A Government investigation has revealed that the pollution rates of Britain's most popular diesel cars in real-world driving conditions exceed those seen in lab tests.
According to the Department for Transport study, all of the 37 top-selling diesel cars tested emit an average of six times more nitrogen oxide (NOx) than the legal limit when driven for 90 minutes on normal roads.
Despite this, manufacturers have not broken any laws, as they are only required to meet the lab test regulations.
The inquiry was launched in the wake of the Volkswagen emissions scandal, when the firm admitted that many of its cars were fitted with software to obscure emissions rates.
An additional finding of the research was that many motors make use of systems for preventing engine damage which can lead to higher NOx output in real-world driving when the temperature is lower than during lab tests.
Cars meeting Euro 5 standards - which could be sold up to September last year - all had "substantially higher" emissions in real-world conditions than the 180 mg/km limit they had to be under when they passed official tests, according to the study.
The Vauxhall Insignia was the worst performer, emitting 1,881 mg/km. Even the best performer, the Citroen C4, was found to emit almost three times the legal lab level.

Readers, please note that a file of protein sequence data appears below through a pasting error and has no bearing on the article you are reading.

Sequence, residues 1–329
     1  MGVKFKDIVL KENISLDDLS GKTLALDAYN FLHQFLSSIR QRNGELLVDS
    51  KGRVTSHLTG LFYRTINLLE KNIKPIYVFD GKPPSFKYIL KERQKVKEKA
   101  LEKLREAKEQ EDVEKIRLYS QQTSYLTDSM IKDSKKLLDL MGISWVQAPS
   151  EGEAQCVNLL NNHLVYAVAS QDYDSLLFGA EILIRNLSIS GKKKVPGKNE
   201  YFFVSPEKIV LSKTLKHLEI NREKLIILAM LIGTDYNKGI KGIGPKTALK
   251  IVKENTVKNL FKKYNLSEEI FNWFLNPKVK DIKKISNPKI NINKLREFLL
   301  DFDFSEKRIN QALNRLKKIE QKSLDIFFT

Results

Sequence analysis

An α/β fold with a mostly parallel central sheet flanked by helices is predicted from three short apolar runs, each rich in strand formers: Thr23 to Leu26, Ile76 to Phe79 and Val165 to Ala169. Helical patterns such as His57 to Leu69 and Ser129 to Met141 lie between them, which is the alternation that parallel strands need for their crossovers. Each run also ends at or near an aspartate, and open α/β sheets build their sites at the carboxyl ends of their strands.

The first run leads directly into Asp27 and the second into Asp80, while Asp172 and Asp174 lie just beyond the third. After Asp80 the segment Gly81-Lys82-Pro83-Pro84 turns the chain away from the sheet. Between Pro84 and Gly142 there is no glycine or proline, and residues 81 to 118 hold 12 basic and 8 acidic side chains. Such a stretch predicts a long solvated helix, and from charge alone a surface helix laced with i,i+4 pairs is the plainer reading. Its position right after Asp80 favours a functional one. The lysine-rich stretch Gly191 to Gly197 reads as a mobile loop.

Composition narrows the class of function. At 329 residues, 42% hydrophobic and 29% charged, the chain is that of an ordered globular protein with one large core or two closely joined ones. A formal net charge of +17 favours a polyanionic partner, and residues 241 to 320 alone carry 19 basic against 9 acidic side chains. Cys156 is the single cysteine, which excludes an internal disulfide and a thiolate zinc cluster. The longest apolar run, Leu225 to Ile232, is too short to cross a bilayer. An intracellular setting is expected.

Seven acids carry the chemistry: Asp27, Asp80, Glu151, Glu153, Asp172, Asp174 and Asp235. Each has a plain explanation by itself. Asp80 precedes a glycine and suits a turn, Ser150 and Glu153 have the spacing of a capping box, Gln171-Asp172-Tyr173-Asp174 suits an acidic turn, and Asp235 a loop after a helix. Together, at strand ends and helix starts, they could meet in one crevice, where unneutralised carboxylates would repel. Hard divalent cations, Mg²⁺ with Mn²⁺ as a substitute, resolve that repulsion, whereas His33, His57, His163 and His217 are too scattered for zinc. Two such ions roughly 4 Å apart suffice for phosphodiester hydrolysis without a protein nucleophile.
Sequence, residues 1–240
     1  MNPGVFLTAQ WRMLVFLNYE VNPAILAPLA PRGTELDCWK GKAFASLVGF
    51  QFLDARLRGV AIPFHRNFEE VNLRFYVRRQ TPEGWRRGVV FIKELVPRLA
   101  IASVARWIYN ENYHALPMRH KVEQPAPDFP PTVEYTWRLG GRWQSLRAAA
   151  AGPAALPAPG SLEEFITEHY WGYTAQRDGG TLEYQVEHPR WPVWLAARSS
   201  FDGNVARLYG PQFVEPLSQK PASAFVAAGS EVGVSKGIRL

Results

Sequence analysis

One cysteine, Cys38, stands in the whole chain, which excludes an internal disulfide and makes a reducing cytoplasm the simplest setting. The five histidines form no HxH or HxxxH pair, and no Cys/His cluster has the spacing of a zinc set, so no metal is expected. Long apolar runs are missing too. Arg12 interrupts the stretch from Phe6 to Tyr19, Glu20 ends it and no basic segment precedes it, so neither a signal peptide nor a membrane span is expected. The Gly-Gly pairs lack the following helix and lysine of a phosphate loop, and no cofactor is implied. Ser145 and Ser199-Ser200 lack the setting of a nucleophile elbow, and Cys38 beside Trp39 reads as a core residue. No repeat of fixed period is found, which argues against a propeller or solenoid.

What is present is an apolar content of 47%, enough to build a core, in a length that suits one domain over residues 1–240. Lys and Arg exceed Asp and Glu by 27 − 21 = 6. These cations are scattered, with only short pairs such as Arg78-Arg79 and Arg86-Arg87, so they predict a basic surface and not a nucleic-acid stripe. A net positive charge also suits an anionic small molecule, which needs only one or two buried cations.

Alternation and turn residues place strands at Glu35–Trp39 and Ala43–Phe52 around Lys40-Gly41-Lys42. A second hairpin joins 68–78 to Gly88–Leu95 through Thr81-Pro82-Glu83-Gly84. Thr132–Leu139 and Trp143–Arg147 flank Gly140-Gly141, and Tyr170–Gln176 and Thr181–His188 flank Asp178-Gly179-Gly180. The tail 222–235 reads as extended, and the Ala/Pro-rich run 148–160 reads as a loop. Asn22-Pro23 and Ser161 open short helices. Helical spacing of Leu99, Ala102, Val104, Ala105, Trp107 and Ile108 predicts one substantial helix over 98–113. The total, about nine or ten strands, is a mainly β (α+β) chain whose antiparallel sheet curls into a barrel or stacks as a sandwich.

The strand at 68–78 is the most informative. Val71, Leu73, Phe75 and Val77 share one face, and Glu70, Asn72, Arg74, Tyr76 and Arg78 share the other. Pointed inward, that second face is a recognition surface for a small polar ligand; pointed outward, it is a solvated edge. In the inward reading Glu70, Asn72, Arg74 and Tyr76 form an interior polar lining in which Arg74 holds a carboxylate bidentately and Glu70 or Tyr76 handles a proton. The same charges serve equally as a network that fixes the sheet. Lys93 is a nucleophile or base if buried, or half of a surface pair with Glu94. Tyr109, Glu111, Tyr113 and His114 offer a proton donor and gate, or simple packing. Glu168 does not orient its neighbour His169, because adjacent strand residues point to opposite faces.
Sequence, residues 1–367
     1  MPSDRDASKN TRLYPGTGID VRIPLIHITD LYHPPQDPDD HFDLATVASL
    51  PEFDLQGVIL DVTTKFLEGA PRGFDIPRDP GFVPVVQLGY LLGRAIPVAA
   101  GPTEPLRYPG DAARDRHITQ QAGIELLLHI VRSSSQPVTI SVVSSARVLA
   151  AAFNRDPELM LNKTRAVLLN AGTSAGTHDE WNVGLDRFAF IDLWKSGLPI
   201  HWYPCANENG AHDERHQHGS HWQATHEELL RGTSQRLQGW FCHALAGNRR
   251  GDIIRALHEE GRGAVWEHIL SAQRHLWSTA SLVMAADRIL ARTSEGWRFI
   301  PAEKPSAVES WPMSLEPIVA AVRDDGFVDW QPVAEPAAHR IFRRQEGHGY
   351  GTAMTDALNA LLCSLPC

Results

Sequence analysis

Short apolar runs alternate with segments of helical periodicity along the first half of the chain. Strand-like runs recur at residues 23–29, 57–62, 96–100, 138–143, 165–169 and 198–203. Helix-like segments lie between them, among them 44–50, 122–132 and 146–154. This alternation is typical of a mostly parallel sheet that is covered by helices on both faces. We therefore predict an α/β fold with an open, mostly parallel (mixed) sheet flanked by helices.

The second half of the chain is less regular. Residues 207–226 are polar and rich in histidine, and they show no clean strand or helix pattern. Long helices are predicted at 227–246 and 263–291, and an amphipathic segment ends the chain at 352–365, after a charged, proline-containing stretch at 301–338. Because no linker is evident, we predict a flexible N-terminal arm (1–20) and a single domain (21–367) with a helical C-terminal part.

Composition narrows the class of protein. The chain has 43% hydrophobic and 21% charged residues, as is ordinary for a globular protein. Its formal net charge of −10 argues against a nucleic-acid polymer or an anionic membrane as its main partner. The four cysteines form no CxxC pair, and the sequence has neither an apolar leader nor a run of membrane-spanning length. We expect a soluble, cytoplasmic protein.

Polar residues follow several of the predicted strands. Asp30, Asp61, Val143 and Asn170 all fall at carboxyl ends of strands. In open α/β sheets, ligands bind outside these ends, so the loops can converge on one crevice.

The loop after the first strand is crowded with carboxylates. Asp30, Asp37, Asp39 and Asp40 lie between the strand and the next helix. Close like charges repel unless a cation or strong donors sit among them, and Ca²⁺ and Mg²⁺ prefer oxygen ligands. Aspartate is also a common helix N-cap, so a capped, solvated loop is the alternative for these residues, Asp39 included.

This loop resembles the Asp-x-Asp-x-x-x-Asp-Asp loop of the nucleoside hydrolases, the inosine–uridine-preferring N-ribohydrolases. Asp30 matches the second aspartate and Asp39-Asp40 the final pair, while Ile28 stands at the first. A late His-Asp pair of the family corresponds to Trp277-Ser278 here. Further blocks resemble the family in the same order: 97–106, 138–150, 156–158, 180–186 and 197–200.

Cars that meet the current have a limit of 80 mg/km NOx in the lab, but in real-world driving the average level recorded was more than six times higher.
Real-world driving emissions tests are set to be introduced in the European Union in September 2017.
Regulations are yet to be fully agreed, but it has been proposed that new diesel models will initially be allowed to emit up to 2.1 times more NOx than the current lab limit.
This is to give manufacturers time to develop ways of cutting emissions and allow a margin for error in the testing equipment. The discrepancy will be reduced to 1.5 by January 2020.
Copyright Press Association 2016. Motoring News articles do not reflect the RAC's views unless clearly stated.